• [0034]
    System 100 and scanning engine 120 advantageously provides an improved method of scanning and sorting electronic input messages 110 over conventional e-mail sorting devices. In a prototype trial of scanning and sorting over 3,000 input messages 110, engine 120 achieved a 100% accuracy on identifying important items from list 122 and important people from list 124, and an 80% accuracy of determining an appropriate importance ranking of messages 132 based on subject or topic of the e-mail through the scoring system, with the higher score the more important topic. This advantageous ranking effect results in system 100 to serve as a significant labor saving device. Use of a prototype system 100 has been shown to reduce almost an hour of labor activity by a user for every 1,000 e-mails received and to be reviewed.
  • [0035]
    In reference now to FIG. 5, a representative embodiment of system 100 is illustrated as might be used by a user in the finance industry, and more particularly in an investment bank. Engine 120 receives input messages 110 from electronic mail 114, as well as subscription news service messages (such as Bloomberg®). In some embodiments, messages may be converted to a readable input file 118 prior to being scanned by engine 120. Input files 118 may also be useful for transforming analog or physical messages into a readable digital medium. Engine 120 then scans messages 110, and relies upon a restricted list 122 of items important to the user, a hierarchy list 124 of permissions by roles within the clients organization, and a thesaurus 126 of words and phrases used by brokers and traders when communicating. Input messages 110 are scanned and sorted through engine 120, in accordance with the disclosure, and may be outputted, for example, in a report showing categorized output messages 130, or through alerts sent to output device 142 for important messages 132.
  • [0036]
    One application for the scanning system is for compliance and monitoring. Considering the banking embodiment of FIG. 5, compliance and market surveillance staff would like to know if there is information leakage from a deal making corporate finance department to the stock traders and out to clients through salespeople, also known as insider information. In order to the monitor the communication exchanges, the bank staff may advantageously utilize system 100 to efficiently categorize potentially damaging input messages 110 as they are received. For example, the user's corporate e-mail 114 may be scanned and categorized in comparison to public finance reports and information as provided by a news reporting service 112. Restricted list 122 may include confidential information to be flagged or categorized, in accordance with the disclosure. The hierarchy table 124 may then be used to categorize the types of roles associated with each input message 110. Furthermore, the restricted list may order the confidential information between slightly confidential to highly confidential so users monitoring input messages 110 may quickly and efficiently identify which input messages 110 are most problematic and should be ordered first. If an important message 132 is identified, then an alert may be sent to an output device 140 to gain the attention of compliance personnel utilizing system 100.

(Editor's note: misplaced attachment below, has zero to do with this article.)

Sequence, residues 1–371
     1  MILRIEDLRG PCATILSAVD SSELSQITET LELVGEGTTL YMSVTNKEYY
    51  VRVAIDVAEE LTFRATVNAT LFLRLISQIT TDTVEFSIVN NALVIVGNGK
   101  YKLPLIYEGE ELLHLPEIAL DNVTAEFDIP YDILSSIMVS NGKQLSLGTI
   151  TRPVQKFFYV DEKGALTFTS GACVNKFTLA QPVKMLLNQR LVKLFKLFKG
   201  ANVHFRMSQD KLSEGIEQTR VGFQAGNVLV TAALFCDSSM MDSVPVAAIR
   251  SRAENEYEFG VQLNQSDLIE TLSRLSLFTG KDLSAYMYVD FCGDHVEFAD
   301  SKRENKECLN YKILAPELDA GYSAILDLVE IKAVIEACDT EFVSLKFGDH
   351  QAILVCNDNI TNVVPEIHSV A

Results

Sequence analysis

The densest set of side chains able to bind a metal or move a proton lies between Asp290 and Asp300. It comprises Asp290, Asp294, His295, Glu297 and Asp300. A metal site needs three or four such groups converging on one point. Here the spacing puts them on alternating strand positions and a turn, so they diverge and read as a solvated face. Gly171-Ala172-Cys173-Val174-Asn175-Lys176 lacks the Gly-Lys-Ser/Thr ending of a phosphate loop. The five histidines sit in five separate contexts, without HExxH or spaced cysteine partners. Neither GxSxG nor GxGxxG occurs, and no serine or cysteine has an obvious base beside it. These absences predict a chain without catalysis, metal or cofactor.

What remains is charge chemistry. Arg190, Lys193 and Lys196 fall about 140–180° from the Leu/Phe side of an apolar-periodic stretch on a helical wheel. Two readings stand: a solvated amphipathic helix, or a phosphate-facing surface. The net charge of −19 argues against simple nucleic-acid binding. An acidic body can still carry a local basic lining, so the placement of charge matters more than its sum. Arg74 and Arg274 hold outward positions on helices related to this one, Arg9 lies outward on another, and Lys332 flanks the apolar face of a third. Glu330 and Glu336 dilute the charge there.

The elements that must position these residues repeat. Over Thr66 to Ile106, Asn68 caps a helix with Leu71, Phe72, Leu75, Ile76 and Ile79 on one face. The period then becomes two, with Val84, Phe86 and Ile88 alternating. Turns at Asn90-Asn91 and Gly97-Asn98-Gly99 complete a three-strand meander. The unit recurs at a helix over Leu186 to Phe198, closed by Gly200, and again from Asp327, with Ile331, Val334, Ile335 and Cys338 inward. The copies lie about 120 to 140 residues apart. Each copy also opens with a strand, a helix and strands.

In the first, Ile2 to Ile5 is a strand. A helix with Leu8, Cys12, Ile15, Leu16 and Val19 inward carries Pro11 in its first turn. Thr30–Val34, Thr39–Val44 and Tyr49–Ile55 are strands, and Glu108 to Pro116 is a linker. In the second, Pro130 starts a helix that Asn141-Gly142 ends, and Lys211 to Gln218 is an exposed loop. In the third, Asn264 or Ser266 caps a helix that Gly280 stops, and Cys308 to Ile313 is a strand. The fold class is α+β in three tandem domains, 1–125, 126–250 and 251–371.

• [0037]
    Representative Computer System
  • [0038]
    FIG. 7 illustrates the system architecture for a computer system 1000 such as a server, work station or other processor on which the disclosure may be implemented. The exemplary computer system of FIG. 3 is for descriptive purposes only. Although the description may refer to terms commonly used in describing particular computer systems, the description and concepts equally apply to other systems, including systems having architectures dissimilar to FIG. 7. It should be understood that system 1000 may be utilized in performing the processes and methods described herein, including the methods and functions described as the engine 120, functioning or performing as output device 142, in addition to any other process or method described in association with system 100, or a combination thereof.
  • [0039]
    Computer system 1000 includes at least one central processing unit (CPU) 1050, or server, which may be implemented with a conventional microprocessor, a random access memory (RAM) 110 for temporary storage of information, and a read only memory (ROM) 1150 for permanent storage of information. A memory controller 1200 is provided for controlling RAM 1100.